The U.S. trade deficit rose 0.4 percent to $38.8 billion in August, as exports slid and imports remained unchanged, the Commerce Department said.
The deficit was based on a $100 million drop in exports from July to $189.2 billion. Imports, however, were "virtually unchanged at $228 billion," the department said.
July's trade deficit was revised to $38.6 billion from the previously reported $39.15 billion.
The department said trade created a $3.7 billion surplus with Hong Kong, a $1.7 billion surplus with Brazil and a $1.4 billion surplus with Australia.
With Singapore, U.S. trade came out $1.1 billion ahead in the month.
The largest deficit for the month was $29.9 billion in trade with China. There was a $9.8 billion deficit with the European Union, a $7.3 billion deficit with the Organization of Petroleum Exporting Countries, and a $6.4 billion deficit with Japan.
Smaller deficits were posted with Germany, Mexico, Saudi Arabia, Canada, Ireland, Korea, India and Venezuela.
The trade report was due for release Oct. 8, but was postponed due to the 17-day U.S. government shutdown.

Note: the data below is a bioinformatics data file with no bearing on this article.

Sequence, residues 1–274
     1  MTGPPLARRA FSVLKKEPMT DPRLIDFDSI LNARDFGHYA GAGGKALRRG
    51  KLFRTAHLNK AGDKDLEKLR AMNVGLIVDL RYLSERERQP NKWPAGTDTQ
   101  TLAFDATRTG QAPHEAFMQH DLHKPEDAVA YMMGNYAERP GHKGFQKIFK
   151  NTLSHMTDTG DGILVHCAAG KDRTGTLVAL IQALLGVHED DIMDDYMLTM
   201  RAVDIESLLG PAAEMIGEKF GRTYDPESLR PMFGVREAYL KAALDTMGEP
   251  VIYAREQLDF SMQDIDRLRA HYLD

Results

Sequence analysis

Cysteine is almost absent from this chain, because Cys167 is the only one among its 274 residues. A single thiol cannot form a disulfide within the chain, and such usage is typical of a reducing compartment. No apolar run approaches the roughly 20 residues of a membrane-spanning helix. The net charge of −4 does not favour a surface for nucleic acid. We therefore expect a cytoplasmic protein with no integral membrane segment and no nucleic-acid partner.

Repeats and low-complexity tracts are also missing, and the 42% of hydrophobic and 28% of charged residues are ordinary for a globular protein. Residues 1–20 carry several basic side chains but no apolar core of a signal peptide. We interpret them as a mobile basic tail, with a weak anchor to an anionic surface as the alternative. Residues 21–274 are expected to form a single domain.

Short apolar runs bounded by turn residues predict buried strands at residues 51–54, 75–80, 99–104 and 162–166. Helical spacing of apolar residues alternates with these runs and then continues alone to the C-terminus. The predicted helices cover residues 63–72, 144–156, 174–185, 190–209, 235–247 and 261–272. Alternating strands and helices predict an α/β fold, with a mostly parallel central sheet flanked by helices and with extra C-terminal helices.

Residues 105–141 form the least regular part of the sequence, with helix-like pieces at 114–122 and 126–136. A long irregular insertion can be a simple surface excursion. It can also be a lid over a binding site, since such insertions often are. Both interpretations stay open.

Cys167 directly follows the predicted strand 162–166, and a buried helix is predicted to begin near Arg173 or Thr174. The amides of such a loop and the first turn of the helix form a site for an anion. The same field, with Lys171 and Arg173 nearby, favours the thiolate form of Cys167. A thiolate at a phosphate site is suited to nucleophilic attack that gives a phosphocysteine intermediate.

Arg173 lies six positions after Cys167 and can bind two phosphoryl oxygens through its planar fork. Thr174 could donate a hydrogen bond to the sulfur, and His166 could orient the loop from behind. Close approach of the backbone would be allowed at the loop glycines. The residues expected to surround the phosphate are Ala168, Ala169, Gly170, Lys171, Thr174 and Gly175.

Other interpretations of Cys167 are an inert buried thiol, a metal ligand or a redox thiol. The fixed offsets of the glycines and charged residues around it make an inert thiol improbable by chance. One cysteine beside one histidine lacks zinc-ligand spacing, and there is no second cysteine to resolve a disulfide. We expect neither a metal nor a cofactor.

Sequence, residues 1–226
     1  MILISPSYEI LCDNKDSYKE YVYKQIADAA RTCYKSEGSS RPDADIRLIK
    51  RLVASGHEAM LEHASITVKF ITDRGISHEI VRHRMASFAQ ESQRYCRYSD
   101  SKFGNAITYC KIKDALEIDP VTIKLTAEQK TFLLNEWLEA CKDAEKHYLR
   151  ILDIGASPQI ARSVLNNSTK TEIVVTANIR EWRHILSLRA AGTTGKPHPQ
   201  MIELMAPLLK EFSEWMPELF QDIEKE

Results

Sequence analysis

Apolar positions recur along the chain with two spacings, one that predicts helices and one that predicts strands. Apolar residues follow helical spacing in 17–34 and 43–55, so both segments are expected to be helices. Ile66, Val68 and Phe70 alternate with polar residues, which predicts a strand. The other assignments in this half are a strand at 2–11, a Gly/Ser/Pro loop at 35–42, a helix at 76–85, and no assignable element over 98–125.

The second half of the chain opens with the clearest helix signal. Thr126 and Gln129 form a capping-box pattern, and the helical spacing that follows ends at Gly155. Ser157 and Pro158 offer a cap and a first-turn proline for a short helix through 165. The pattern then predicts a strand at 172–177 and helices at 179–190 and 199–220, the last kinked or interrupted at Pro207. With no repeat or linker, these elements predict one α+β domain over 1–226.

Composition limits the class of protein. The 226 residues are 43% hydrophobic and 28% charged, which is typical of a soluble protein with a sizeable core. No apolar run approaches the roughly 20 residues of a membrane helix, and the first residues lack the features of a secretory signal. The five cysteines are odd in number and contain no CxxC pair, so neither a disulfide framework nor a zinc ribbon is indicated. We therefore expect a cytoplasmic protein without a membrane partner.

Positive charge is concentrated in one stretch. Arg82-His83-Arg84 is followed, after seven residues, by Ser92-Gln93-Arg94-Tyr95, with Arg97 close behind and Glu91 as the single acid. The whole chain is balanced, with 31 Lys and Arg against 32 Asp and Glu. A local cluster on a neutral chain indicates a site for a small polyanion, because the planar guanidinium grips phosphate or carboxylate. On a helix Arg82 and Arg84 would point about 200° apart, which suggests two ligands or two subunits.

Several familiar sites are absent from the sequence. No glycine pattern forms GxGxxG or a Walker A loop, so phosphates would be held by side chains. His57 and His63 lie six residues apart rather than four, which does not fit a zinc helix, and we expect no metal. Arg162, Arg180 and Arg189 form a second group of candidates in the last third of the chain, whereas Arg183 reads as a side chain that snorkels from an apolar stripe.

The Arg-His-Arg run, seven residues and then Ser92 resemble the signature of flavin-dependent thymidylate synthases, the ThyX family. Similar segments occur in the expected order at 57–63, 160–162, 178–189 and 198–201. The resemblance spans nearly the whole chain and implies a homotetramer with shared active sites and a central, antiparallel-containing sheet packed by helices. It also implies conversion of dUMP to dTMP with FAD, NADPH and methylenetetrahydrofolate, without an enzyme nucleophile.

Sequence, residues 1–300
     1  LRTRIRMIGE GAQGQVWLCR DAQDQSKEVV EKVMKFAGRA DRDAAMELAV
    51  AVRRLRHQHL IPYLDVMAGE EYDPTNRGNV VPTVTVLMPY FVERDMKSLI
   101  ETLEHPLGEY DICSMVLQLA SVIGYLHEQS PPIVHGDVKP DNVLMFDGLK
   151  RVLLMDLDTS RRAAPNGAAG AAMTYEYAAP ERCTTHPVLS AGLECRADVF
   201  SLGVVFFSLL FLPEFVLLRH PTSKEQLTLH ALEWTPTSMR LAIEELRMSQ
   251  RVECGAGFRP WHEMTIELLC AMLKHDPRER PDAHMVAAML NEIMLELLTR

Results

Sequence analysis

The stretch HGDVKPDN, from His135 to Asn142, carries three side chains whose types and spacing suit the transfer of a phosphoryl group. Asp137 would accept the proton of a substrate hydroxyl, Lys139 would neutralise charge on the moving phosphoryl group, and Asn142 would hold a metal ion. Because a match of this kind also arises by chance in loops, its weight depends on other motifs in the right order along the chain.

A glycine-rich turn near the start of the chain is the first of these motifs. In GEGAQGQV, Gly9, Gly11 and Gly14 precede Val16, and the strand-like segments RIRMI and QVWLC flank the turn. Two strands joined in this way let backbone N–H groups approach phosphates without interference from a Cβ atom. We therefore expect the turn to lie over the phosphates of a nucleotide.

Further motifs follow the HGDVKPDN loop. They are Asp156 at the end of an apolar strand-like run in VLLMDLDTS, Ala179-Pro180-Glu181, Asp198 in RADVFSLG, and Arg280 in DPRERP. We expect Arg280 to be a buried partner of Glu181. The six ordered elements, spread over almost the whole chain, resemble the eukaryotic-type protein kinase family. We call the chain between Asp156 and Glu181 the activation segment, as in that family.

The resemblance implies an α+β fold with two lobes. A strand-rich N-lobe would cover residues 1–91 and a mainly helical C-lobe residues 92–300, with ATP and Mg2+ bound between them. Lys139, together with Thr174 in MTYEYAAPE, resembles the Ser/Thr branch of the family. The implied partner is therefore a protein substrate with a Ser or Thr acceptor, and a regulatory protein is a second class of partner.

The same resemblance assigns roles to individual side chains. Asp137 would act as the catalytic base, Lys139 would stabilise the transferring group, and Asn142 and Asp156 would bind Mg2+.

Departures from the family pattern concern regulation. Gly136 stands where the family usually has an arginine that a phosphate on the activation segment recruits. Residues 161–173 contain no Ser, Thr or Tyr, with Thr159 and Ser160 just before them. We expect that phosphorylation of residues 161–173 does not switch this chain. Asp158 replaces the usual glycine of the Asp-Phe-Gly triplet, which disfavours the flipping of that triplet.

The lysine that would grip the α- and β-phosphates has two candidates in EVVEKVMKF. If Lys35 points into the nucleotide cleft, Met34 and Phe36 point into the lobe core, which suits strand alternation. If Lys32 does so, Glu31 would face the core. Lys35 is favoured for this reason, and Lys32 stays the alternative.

Copyright 2013 United Press International, Inc. (UPI). Any reproduction, republication, redistribution and/or modification of any UPI content is expressly prohibited without UPI's prior written consent.
Original headline: U.S. posts $38.8 billion trade deficit in August
Most Popular Stories
- National Retail Federation Reduces Sales Forecast
- Long-term Strengths Emerge in U.S. Economy
- Honda' s Accord Plug-in Hybrid Is a Fuel Miser
- Xavier Gutierrez Appointed to Bank Board
- Amazon Fire Phone Improves on Familiar: Review
- Self-Induced Abortions Rise After Texas Closes Clinics
- Naya Rivera and Ryan Dorsey Are Married
- Comic-Con Festival Kicks Off in San Diego
- Marco Rubio Swings Back to the Right
- Social Media Startups That Pay You to Post